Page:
Learn About the Law
Get help with your legal needs
COOPER v. JENKINS.
Defendant Farm Bureau Insurance Company appeals as of right from the trial court's order denying its motion to strike damages for attendant care. Because Farm Bureau's obligation to pay is a mandated fixed benefit to plaintiff alone, Farm Bureau may not bypass the legal process to enforce its right to reimbursement. We affirm. This appeal has been decided without oral argument pursuant to MCR 7.214(E).
Plaintiff, Phillip Dean Cooper, was driving an uninsured vehicle owned by his girlfriend, Dalana Norman, when he was struck by defendant Ravis Jenkins, who was driving an uninsured vehicle owned by defendant Mary Louise Woodson. Plaintiff was badly injured, and his doctor prescribed attendant care. Because there was no applicable no-fault insurance policy, plaintiff's claim was assigned to Farm Bureau. After plaintiff sued for benefits, Farm Bureau moved to strike damages awarded for the attendant care provided by Norman, which the parties stipulated was $60,000. Farm Bureau argued that under the no-fault statutory scheme, an insurer assigned to pay benefits arising from an accident involving an uninsured motor vehicle has the right to seek reimbursement from the owner of that vehicle, MCL 500.3177(1), and that because an uninsured owner in this case was the very person to whom the attendant care benefits would be paid, it was illogical to require Farm Bureau to pay the benefits to Norman only to then sue her for reimbursement.
Plaintiff argued that Norman was not a party to the suit, that any dispute between Farm Bureau and Norman did not take away Farm Bureau's obligation to pay him benefits, and that the risk of nonrecovery should be placed on the insurance company. The trial court agreed, ruling that the statutory scheme dictates that the insurer is obligated to pay benefits but then can seek reimbursement from the uninsured owner. Accordingly, the trial court ordered Farm Bureau to pay $20,000 to plaintiff's attorney and place the remainder in escrow until Farm Bureau obtains a judgment against Norman.
Farm Bureau argued in this Court that under the statutes and caselaw, the owner of an uninsured vehicle is not entitled to no-fault benefits. MCL 500.3113(b); MCL 500.3173; Belcher v. Aetna Casualty & Surety Co., 409 Mich. 231, 261, 293 N.W.2d 594 (1980). Had Norman been an injured occupant of her uninsured vehicle, there would be no question that she would not be eligible for benefits. She would not have had a reasonable expectation of being paid by plaintiff; otherwise, she would be seeking recovery despite her illegal act of failing to maintain insurance coverage. Farm Bureau raises as further support the theory that the wrongful conduct rule precludes Norman from benefiting from her own wrongdoing, and adds the arguments that plaintiff has a duty to mitigate his damages by obtaining services from an individual who cannot gain by obtaining no-fault benefits from an assigned claims servicing insurer, and that Norman has a duty to mitigate her debt owed to Farm Bureau. Finally, Farm Bureau argues that it should not have to pay plaintiff's attorney $20,000 until it has exhausted its appellate rights. It has already posted a $75,000 bond; should plaintiff prevail on appeal, plaintiff's attorney will get his fee.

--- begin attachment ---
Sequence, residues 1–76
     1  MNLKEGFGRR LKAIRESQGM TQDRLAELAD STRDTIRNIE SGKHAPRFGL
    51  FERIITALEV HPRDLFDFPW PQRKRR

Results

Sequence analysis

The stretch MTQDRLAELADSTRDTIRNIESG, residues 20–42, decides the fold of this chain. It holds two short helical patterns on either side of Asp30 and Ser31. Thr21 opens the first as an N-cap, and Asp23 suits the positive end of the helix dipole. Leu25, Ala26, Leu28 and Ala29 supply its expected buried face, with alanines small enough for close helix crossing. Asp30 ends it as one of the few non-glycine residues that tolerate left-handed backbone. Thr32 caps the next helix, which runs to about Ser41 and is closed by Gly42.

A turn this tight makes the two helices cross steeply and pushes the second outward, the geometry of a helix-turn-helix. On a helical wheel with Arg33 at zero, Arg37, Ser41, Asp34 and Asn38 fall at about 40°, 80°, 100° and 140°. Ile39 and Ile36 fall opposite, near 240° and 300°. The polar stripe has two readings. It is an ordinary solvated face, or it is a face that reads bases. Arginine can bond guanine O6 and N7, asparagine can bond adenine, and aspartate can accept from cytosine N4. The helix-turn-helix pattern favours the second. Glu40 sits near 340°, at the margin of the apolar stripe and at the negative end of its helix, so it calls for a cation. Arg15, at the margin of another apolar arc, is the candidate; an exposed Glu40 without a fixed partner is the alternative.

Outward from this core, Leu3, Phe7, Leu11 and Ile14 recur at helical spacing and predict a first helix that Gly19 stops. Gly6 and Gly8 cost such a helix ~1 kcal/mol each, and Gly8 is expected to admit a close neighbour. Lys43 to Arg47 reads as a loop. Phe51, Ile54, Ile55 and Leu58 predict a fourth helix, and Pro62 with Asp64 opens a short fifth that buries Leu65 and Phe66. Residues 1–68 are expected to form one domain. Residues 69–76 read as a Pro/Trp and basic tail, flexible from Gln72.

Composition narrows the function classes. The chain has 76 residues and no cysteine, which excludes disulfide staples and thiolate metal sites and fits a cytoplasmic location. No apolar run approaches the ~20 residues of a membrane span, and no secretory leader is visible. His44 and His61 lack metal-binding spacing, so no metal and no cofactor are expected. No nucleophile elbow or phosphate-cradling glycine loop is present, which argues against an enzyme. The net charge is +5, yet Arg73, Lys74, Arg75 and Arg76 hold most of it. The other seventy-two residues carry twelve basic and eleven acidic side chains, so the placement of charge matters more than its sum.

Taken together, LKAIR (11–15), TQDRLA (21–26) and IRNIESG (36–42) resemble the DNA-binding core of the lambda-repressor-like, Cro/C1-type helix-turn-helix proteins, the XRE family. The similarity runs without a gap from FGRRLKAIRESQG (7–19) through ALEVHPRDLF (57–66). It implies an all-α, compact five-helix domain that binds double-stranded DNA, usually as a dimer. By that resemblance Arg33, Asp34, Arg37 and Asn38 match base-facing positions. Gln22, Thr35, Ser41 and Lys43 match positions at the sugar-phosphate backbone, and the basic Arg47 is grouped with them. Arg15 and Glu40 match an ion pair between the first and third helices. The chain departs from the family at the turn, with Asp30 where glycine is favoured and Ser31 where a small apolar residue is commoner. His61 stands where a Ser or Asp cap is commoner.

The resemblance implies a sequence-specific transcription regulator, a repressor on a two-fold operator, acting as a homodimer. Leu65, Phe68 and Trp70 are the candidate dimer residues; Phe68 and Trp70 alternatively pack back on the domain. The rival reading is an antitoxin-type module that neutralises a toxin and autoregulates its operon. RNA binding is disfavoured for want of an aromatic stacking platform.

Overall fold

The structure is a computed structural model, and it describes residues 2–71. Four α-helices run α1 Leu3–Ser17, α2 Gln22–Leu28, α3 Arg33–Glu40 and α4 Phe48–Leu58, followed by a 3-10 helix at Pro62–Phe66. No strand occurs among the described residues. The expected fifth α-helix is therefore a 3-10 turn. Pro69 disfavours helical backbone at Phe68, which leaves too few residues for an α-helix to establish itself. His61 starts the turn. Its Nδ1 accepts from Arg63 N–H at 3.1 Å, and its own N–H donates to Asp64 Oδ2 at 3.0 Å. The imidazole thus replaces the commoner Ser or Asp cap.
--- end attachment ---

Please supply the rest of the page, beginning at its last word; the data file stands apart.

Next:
The trial court's decision involves statutory construction, which we review de novo. Eggleston v. Bio-Medical Applications of Detroit, Inc., 468 Mich. 29, 32, 658 N.W.2d 139 (2003). Where the statute unambiguously conveys the Legislature's intent, “the proper role of a court is simply to apply the terms of the statute to the circumstances in a particular case.” In re Certified Question (Kenneth Henes Special Projects Procurement v. Continental Biomass Industries), 468 Mich. 109, 113, 659 N.W.2d 597 (2003).
Farm Bureau relies on several statutes in support of its argument. MCL 500.3113 provides, in part:
A person is not entitled to be paid personal protection insurance benefits for accidental bodily injury if at the time of the accident any of the following circumstances existed:
* * *
(b) The person was the owner or registrant of a motor vehicle or motorcycle involved in the accident with respect to which the security required by section 3101 or 3103 was not in effect.
Under this statute, the injured owner of an uninsured vehicle is not eligible to be paid personal protection insurance benefits.1 Furthermore, MCL 500.3175 provides, in relevant part: